Published 12:00 am Thursday, December 22, 2005
Recovering from a fire, new life is being restored
By KEVIN CHIRI
VACHERIE — Laura Plantation may have once been named the “best history tour in the U.S.,” but in its present form today, it offers something that is presently completely unique to any of the plantation homes in the River Region.
After a fire destroyed the roof and much of the upstairs in August of 2004, Laura Plantation Corporation President Norman Marmillion is now holding tours of the restoration project at the home. That, in itself, offers visitors something that is more special than one might think.
Getting a look at the raw interior walls left standing, and the work being done by Milton Freewater, a historic preservationist construction company, is something that few people will ever get a look at. And perhaps surprisingly, the different look at the plantation in its present form is more interesting than many expect.
“There is so much being done in the restoration and rebuilding that is so interesting to see,” Marmillion explained. “And we are completely finishing one room at a time so people can see that, but still have the unfinished rooms as long as we can maintain them.”
Laura Plantation was built in 1805 as a classic Creole design home, raised off the ground as other plantations were to take advantage of cooler breezes coming off the Mississippi River during the long, hot Louisiana summers.
The upper level of the 24,000 square foot house was built of brick-between-post construction, and the lower level was solid brick due to river flooding. Below the ground level was an 8-foot deep foundation of 72 brick pyramids holding up the house.
The Big House was originally built in a U-shaped design for 100 years, until 1905 when the Waguespack Family, faced with inheritance problems, cut off the two wings. It was later shaped into a 17,000 square foot house in its current “T” shape.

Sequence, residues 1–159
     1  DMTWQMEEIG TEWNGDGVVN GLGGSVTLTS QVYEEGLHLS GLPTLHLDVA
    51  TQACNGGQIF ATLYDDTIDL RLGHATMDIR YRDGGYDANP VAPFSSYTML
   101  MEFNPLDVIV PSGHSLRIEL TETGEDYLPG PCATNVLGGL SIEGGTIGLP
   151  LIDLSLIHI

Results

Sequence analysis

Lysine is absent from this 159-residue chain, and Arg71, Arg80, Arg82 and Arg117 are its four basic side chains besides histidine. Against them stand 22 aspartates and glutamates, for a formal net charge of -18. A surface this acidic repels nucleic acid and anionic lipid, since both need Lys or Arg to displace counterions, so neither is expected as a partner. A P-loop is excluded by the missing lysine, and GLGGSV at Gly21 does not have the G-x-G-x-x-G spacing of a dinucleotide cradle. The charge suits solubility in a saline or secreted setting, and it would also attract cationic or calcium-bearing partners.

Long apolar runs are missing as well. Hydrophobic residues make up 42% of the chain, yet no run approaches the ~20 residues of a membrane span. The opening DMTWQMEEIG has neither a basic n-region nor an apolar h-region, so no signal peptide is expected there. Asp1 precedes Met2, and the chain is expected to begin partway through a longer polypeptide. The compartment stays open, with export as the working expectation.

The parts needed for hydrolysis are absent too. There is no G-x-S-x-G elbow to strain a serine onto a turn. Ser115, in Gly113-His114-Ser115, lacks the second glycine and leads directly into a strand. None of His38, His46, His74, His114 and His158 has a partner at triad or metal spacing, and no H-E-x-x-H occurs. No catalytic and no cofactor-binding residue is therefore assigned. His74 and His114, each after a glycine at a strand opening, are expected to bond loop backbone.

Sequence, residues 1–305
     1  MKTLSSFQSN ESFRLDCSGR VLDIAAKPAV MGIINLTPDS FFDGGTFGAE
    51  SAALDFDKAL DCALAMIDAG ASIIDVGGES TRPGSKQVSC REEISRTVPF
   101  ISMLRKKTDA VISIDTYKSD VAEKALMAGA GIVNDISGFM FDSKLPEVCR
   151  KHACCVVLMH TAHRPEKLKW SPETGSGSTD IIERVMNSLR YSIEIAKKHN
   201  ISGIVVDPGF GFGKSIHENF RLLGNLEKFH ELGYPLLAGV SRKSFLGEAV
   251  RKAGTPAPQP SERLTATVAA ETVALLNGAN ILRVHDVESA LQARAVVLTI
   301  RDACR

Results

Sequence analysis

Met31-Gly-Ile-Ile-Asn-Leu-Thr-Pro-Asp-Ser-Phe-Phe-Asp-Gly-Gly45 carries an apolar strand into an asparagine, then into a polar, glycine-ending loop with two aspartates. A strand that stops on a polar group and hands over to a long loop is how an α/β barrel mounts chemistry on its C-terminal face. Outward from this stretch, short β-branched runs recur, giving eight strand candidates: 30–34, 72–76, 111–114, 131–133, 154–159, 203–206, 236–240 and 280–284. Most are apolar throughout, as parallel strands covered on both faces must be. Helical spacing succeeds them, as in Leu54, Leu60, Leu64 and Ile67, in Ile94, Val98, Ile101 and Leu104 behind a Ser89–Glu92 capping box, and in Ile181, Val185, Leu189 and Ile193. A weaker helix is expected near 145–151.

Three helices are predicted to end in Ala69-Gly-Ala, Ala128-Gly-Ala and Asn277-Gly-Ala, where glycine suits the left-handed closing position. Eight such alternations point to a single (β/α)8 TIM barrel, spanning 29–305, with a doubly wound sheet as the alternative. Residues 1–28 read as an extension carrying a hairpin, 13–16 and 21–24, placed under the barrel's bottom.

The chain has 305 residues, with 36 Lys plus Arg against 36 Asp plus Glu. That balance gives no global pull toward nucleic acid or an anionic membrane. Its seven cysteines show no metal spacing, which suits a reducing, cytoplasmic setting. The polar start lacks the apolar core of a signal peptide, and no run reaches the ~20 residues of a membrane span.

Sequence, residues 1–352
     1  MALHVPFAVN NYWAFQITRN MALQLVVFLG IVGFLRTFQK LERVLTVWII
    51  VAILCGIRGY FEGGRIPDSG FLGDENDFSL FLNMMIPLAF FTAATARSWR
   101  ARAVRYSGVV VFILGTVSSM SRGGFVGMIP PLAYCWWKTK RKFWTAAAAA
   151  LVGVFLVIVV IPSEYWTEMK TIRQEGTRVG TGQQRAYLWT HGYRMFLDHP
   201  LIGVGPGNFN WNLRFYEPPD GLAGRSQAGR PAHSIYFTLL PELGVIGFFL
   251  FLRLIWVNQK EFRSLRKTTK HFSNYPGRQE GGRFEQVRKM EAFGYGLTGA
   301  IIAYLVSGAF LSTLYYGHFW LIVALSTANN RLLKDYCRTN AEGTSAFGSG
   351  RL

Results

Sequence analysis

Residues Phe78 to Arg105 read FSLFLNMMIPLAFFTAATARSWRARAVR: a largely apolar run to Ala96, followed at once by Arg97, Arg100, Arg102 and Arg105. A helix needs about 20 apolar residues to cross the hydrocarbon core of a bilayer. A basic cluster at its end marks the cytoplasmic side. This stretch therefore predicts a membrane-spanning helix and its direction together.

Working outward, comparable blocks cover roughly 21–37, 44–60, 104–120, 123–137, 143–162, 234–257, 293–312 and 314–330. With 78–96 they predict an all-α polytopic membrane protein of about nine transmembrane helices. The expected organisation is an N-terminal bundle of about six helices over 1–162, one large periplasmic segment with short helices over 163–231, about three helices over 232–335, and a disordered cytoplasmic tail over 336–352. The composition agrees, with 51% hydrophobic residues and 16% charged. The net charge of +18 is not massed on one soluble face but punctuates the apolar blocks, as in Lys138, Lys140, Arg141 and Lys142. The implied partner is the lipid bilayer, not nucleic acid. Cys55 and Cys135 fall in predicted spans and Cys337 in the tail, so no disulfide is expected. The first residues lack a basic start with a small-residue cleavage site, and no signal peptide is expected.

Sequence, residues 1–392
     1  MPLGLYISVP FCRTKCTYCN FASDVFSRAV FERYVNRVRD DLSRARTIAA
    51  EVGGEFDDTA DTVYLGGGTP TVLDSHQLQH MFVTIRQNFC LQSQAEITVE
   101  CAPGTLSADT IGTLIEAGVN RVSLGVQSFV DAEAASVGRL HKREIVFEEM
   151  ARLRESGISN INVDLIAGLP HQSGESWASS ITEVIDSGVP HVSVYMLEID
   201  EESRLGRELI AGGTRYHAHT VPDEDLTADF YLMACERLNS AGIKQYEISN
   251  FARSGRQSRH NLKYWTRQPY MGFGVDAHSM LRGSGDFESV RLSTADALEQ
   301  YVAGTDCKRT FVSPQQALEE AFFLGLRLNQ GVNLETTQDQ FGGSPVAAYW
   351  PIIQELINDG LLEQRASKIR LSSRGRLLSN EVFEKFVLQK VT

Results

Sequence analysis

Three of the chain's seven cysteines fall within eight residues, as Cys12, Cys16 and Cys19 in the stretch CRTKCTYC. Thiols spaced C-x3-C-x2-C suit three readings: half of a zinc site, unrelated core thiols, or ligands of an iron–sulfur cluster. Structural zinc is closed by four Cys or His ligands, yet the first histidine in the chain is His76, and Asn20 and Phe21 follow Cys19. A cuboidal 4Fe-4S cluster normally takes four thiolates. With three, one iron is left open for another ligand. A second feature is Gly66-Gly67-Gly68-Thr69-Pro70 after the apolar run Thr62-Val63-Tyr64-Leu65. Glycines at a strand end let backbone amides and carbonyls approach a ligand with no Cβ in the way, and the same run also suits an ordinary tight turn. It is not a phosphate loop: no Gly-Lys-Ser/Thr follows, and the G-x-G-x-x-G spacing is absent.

The tour of Laura Plantation is equally unique, put together from 5,000 pages of French documents and upon Laura’s “Memories of the Old Plantation Home,” detailing 250 years of true-life stories of Creole women, slaves and children.
The plantation is surrounded by fields of sugar cane and has 11 historic buildings on the National Register, including slave cabins where the West-African folktales of Br’er Rabbit were recorded over 125 years ago.
Marmillion said the roof should be completely restored in five more weeks, and they hope to have the house back in its original form by late spring or early summer.
The fire came from an electrical problem in one of the outer buildings, and caught the back of the house on fire, which came close to destroying the facility. However the foundation was left intact and as Marmillion has publicized on a sign in front of the site, “Fire, Flood, Hurricanes, Lightning, Earthquakes, Cannonballs, Tornados-Laura’s Here to Stay!”
-Built in 1805 as a historic sugar cane plantation on River Road.
-Guided tour built around 14 stories coming from “Memories of the Old Plantation Home” by former owner, Laura Locoul Gore.
-A total of 11 historic buildings in the National Register, including slave cabins where the West-African folktales of Br’er Rabbit were recorded over 125 years ago.
-Situated on 13 acres of homestead, with 18th and 19th century syrup kettles surrounding it.
-Four intact cypress slave cabins, built in the 1840s.
-Currently being rebuilt after a fire in August, 2004 destroyed the roof and much of the upstairs.
-Open for tours seven days a week, closed on New Year’s, Mardi Gras, Easter, Thanksgiving and Christmas.
-Admission gate opens at 9:30 a.m., tours continue until 4 p.m.
-Adults: $10, Children 6-17, $5. Special group rates offered.
-Located at 2247 Highway 18, Vacherie, La., 70090.
-Call 1225-265-7690. On the web at lauraplantation.com